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Deep Learning in the Task of Detecting Coronary Artery Calcifications On Low-Dose Thoracic CTs

J D Fuhrman1*, R Yip2 , C I Henschke2 , D F Yankelevitz2 , M L Giger1 , (1) Committee on Medical Physics, Department of Radiology, The University of Chicago, Chicago, IL, (2) Department of Radiology, Mount Sinai School of Medicine, New York, NY


(Sunday, 7/14/2019) 2:00 PM - 3:00 PM

Room: Stars at Night Ballroom 2-3

Purpose: To detect coronary artery calcification (CAC), an independent indicator of major cardiac events, in low-dose thoracic CT (LDCT) images using a cascade of convolutional neural networks.

Methods: The dataset included 863 LDCT cases acquired with no contrast or ECG-gating. Images were cropped to a 256 x 256 pixel region surrounding the heart, and 120 randomly selected cases (3,121 images) were annotated for training a cascade of deep networks. The architecture consisted of two 2D U-Nets, one tasked with heart segmentation (the search region) and one tasked with aorta segmentation (for elimination of aortic valve calcifications). Segmentation performance was evaluated using the Dice-Sorensen Coefficient (DSC).Subsequently, calcifications were detected through two methods. For Method 1, the total number of calcified tissue pixels was summed across all slice search regions per case. Alternatively, Method 2 used transfer learning to extract features from the pooling layers of a VGG-19 architecture pre-trained on the ImageNet database, reduced feature dimension through PCA, and classified cases using a SVM with 5-fold cross validation. Pixel counts and SVM output were used as input for ROC analysis, and the area under the ROC curve (AUC) was used as a performance metric in the task of CAC detection.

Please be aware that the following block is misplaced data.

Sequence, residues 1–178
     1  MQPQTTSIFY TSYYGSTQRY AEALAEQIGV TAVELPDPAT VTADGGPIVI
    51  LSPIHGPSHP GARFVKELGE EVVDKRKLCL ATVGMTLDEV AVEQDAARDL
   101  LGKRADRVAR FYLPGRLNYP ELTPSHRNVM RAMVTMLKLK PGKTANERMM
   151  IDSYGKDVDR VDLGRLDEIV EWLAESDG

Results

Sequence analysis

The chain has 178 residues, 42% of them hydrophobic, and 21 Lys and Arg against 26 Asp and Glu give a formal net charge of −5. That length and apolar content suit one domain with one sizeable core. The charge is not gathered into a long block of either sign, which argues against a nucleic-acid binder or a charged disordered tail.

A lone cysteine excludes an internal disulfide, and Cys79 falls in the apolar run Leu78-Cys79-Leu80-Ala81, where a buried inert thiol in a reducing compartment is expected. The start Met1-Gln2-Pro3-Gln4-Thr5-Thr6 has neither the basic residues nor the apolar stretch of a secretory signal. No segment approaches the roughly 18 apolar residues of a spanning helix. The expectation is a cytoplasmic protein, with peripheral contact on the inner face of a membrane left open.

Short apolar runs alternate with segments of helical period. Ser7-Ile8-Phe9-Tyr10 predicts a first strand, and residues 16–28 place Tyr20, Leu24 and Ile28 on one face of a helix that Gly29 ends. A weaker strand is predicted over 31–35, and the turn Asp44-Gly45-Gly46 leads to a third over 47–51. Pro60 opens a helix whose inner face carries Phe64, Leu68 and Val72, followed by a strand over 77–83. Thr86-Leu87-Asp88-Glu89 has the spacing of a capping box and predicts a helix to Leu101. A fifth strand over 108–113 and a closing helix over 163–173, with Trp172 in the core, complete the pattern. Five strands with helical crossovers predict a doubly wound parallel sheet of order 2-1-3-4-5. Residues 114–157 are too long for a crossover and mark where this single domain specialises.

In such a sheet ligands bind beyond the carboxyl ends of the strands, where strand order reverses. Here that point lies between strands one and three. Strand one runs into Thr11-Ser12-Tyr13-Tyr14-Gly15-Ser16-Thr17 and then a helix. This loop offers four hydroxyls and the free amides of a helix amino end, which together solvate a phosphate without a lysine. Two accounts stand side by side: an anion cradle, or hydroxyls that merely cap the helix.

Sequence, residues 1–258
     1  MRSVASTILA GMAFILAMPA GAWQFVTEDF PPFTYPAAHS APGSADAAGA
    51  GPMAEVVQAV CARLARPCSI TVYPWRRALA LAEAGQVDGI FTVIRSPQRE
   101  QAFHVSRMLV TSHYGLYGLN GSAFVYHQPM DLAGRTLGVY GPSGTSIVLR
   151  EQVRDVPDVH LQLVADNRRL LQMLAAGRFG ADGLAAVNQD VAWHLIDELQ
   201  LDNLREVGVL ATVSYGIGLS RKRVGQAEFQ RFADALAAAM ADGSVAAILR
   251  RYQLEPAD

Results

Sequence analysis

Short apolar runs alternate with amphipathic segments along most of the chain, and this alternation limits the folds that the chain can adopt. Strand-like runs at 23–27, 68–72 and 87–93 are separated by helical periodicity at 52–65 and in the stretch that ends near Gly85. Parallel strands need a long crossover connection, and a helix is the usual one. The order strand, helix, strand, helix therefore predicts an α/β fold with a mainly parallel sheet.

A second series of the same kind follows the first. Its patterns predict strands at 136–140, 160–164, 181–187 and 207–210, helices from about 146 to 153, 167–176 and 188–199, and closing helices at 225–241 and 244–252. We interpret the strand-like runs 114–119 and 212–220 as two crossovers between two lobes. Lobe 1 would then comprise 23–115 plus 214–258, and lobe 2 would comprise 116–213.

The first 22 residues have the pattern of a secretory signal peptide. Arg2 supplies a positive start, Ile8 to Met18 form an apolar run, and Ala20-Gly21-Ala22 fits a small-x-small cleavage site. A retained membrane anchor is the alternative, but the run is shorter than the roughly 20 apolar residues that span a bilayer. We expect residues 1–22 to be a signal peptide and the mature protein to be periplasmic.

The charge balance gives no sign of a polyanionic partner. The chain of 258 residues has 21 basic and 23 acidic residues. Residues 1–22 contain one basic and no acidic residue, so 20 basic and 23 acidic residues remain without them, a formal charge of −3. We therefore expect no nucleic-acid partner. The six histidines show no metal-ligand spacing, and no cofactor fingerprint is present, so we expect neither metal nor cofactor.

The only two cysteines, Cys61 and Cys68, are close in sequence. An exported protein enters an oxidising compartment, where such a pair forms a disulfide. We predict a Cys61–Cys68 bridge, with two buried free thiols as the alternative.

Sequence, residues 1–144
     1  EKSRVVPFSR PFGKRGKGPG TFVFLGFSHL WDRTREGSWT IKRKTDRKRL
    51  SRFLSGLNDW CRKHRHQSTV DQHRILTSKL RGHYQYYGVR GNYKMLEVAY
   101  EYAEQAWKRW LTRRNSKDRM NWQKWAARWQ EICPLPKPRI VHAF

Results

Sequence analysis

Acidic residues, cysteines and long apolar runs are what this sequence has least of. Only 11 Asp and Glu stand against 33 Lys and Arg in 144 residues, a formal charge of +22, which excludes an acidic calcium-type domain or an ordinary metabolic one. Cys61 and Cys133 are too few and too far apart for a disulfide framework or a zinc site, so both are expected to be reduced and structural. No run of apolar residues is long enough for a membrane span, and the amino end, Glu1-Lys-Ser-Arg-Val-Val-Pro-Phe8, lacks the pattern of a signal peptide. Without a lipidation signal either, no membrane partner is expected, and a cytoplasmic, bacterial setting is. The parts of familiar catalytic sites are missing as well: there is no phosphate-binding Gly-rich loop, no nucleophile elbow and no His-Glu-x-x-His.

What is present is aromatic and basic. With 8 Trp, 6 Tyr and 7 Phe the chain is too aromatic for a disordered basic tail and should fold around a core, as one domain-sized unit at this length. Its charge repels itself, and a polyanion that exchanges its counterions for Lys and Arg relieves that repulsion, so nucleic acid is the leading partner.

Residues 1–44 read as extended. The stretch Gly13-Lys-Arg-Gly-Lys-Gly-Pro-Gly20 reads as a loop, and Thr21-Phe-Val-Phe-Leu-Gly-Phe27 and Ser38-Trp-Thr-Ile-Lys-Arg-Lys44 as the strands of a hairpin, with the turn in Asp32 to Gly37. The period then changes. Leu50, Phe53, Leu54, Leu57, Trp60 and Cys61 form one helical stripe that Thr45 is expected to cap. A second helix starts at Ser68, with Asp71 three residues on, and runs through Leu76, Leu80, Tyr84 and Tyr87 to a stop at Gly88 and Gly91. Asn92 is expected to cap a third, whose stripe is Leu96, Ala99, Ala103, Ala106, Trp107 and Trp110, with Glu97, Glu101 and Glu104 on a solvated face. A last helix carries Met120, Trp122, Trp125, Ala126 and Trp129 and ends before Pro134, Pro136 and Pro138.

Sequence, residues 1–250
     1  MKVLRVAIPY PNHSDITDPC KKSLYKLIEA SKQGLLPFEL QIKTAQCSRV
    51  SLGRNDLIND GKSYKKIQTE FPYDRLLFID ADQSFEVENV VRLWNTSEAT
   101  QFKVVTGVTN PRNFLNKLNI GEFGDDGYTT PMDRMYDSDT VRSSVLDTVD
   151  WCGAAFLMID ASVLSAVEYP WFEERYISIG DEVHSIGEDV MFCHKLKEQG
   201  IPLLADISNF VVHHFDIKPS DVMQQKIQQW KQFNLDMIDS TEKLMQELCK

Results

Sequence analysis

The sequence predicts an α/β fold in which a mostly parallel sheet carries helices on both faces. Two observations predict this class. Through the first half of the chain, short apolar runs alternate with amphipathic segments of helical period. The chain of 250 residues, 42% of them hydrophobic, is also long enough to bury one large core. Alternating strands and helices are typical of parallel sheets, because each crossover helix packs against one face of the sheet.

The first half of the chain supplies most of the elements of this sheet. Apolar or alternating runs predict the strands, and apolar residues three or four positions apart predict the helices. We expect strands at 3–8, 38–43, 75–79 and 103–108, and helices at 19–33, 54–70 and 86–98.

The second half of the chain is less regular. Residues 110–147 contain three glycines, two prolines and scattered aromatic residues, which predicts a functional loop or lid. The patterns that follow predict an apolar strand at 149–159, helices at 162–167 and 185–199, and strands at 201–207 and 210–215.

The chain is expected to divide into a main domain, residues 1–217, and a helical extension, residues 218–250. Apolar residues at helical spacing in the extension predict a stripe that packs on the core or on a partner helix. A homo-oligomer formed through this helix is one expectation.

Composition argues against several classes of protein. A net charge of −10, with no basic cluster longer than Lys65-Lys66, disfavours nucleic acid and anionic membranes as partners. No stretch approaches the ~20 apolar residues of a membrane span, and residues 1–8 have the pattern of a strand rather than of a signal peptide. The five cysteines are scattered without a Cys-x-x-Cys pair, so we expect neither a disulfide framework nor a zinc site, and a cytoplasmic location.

Results: For all results, the 95% confidence interval is listed. Segmentations of the heart and aorta were performed with average DSCs of 0.953 (0.951,0.955) and 0.793 (0.789,0.797), respectively. Method 1 produced an AUC of 0.755 (0.733,0.777), while Method 2 produced an AUC of 0.788 (0.786,0.790).

Conclusion: The removal of the aorta and tissue outside the heart provided useful results compared to random classification (AUC=0.5, Method 1 & Method 2: p<0.0001) but failed to show a statistically significant difference compared to previous methods (AUC=0.790 (0.760,0.820), p=0.83). Overall, these results show promise for the detection of coronary artery calcifications in LDCT images.

Funding Support, Disclosures, and Conflict of Interest: Supported, in part, by the NIBIB of the NIH under grant number T32 EB002103. MLG is a stockholder in R2 Technology/Hologic, a cofounder and equity holder in Quantitative Insights, and a shareholder in QView. MLG receives royalties from Hologic, GE Medical Systems, MEDIAN Technologies, Riverain Medical, Mitsubishi, and Toshiba.


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